Special counsel David Weiss has filed a second indictment against President Biden’s son Hunter, this time on tax charges, as the continued fallout from a collapsed plea deal this summer means the younger Biden could go on trial twice next year while his father runs for reelection.
The president’s son was charged by a grand jury in California with nine counts of failing to file and pay taxes, tax evasion and filing false tax returns; three of the charges are felonies, and another six are misdemeanors.
Prosecutors accuse Hunter Biden of failing to pay at least $1.4 million in federal taxes from 2016 through 2019. According to the 56-page indictment, Hunter Biden earned more than $7 million in gross income between 2016 and 2020 from foreign business deals, including payments for his service on the board of the Ukrainian natural gas company Burisma and his work for a Chinese energy conglomerate. He also received another $1.2 million in 2020 and spent the money to fund an “extravagant lifestyle,” including drugs, escorts and girlfriends, exotic cars and clothing, the indictment alleges.
The $1.2 million came from a personal friend, according to prosecutors, who routed the money to third parties and then to Hunter Biden, who allegedly spent the funds rent for a “lavish house” in Venice, Calif., and car payments for a Porsche. The indictment charges that he also earned more than $140,000 in payments for his memoir, “Beautiful Things.”
Instead of paying his tax bills, however, prosecutors allege that Hunter Biden failed to file taxes on time for a number of years. When he finally filed his tax returns in 2018, the indictment alleges, they included false business deductions that reduced his tax liability. The charges were first reported by CNN.
Some of the conduct described in the indictment dates to when Hunter Biden had said he was struggling with depression and addicted to drugs. But prosecutors charge that even after he has said he was sober and building a new life in Los Angeles, he failed to fully pay taxes he owed.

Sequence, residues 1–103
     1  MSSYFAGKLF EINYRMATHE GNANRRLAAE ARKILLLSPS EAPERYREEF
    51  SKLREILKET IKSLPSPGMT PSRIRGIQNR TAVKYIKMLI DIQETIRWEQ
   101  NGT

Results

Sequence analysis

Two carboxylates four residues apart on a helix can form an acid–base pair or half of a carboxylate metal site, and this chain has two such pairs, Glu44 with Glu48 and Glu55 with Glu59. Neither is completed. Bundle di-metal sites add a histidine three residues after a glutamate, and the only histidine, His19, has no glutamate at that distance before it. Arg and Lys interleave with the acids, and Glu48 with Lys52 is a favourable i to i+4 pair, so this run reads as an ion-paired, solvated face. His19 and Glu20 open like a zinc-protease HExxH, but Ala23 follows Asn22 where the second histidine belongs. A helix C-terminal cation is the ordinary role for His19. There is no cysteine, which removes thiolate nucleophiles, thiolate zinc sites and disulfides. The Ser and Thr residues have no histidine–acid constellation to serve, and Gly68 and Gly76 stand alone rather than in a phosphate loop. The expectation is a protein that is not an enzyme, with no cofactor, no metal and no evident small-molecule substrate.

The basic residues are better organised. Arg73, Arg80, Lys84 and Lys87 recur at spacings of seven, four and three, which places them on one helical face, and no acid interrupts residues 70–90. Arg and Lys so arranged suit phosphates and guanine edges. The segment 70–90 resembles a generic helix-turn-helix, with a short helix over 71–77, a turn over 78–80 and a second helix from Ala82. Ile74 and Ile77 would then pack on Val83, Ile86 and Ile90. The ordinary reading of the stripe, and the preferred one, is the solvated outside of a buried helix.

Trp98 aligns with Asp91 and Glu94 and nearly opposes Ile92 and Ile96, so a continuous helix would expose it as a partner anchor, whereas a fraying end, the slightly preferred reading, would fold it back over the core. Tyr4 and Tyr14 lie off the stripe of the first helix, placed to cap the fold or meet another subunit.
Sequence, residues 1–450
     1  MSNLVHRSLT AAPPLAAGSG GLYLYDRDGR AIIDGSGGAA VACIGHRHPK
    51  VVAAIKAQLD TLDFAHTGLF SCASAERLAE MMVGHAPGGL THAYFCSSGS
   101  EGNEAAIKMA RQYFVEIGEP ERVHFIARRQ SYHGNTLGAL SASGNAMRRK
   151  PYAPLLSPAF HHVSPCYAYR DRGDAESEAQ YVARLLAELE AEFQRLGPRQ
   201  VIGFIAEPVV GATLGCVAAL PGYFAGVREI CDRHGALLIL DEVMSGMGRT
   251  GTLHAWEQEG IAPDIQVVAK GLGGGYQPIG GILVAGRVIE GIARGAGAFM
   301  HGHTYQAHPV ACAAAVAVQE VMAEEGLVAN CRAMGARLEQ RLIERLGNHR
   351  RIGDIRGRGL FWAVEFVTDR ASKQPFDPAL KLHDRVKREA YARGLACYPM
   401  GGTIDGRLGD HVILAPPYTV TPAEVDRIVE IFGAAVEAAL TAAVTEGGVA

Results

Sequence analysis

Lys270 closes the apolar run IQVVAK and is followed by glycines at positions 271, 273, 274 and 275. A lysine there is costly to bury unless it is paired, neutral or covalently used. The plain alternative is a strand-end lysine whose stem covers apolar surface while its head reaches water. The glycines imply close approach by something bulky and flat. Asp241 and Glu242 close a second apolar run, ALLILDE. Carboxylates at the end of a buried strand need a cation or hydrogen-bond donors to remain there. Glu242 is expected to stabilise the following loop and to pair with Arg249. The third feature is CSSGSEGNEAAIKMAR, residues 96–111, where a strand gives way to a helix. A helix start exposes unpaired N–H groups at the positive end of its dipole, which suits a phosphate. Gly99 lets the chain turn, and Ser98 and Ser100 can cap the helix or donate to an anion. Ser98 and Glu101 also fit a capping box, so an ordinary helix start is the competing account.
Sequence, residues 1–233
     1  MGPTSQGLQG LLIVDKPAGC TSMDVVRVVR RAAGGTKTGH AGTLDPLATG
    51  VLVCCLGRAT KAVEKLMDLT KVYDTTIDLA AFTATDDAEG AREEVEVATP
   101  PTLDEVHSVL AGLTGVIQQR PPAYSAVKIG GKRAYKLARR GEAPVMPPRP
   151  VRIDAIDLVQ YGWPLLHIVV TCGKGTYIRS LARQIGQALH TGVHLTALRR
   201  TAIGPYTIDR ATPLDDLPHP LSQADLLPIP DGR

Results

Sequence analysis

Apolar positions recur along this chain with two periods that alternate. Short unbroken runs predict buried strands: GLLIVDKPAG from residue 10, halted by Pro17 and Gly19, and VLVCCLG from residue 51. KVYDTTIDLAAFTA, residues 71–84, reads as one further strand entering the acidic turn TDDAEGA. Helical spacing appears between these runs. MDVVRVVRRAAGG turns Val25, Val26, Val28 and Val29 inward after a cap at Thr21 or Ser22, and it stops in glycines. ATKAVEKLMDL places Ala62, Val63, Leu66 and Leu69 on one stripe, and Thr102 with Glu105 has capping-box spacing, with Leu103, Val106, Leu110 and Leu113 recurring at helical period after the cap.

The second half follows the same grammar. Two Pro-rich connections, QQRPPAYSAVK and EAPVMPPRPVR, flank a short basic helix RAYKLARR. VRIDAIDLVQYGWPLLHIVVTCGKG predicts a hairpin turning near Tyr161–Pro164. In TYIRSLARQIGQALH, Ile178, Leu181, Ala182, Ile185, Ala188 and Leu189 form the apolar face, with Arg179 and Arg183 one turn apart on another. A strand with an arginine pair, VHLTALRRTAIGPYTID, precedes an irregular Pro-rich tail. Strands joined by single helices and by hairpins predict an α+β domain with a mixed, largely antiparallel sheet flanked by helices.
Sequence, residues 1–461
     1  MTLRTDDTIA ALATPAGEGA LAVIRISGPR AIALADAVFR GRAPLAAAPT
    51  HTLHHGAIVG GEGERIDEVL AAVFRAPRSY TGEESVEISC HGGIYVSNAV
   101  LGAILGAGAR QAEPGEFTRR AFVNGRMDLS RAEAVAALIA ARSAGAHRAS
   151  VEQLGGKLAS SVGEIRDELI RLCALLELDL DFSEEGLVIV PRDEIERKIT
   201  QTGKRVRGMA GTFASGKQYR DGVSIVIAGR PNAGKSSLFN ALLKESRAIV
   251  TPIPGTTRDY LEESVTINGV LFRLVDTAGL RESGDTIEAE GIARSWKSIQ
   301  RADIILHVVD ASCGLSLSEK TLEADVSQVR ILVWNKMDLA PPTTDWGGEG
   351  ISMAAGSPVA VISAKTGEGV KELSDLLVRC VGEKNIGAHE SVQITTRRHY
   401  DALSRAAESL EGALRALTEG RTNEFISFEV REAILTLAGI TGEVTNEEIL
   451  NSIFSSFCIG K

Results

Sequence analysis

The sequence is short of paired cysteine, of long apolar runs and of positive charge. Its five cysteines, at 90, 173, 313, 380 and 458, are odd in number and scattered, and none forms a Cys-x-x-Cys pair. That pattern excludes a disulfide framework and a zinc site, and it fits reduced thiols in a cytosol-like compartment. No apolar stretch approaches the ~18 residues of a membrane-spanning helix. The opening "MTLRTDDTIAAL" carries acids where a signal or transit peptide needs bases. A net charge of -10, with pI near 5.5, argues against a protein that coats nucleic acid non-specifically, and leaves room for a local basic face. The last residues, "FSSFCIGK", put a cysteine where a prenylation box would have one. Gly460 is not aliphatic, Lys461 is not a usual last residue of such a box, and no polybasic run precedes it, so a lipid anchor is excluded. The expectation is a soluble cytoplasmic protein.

In a statement, Hunter Biden’s lawyer Abbe Lowell said his client repaid his taxes in full two years ago and that Weiss had not granted Lowell’s request days ago for a “customary meeting” to discuss the tax investigation. A spokesperson for Weiss declined to comment on that allegation.
“Based on the facts and the law, if Hunter’s last name was anything other than Biden, the charges in Delaware, and now California, would not have been brought,” Lowell said. He promised to address issues with the case in court.
The White House did not immediately respond to a request for comment Thursday night.
The tax charges had been expected since the failure of the plea deal, which would have allowed Hunter Biden to plead guilty to two misdemeanor tax crimes and admit to illegally possessing a gun — without actually pleading guilty to the felony gun offense.
After that deal collapsed over a disagreement about whether it would immunize Biden from additional criminal charges, Weiss, the U.S. attorney in Delaware overseeing the case, sought and received special counsel status from the Justice Department. That change in his status signaled there would probably be indictments in multiple jurisdictions.
Weiss announced an indictment against Biden in mid-September on charges of illegal gun possession and making false statements on a form he filled out to buy a revolver in 2018.
The dual indictments add an additional layer of complexity and drama to the 2024 presidential race, with the son of the Democratic incumbent facing two potential criminal trials on opposite coasts, and the leading Republican presidential contender, former president Donald Trump, scheduled for three criminal trials so far in 2024, after being indicted by four different grand juries this year.
The investigation of Hunter Biden has been a focal point for Republicans since the 2020 presidential campaign, with GOP politicians including Trump claiming that the younger Biden’s legal troubles are evidence of criminal corruption within the Biden family.
But multiple inquiries on Capitol Hill have failed to publicly surface significant evidence of wrongdoing by the sitting president, and the indictment filed Thursday does not link him to any alleged criminal behavior.
Republican lawmakers have accused the Justice Department of showing preferential treatment to the president’s son, an allegation Attorney General Merrick Garland has strenuously denied.
Lowell and House Republicans exchanged angry statements Wednesday over whether Hunter Biden will testify before Congress next week. A GOP committee chairman threatened to refer contempt charges against him if he does not appear for a closed-door deposition.
Hunter Biden’s team says private testimony would let Republicans selectively leak his quotes to misrepresent his comments, while GOP lawmakers say he should follow the practices of their other witnesses and that he could provide open testimony at a later date.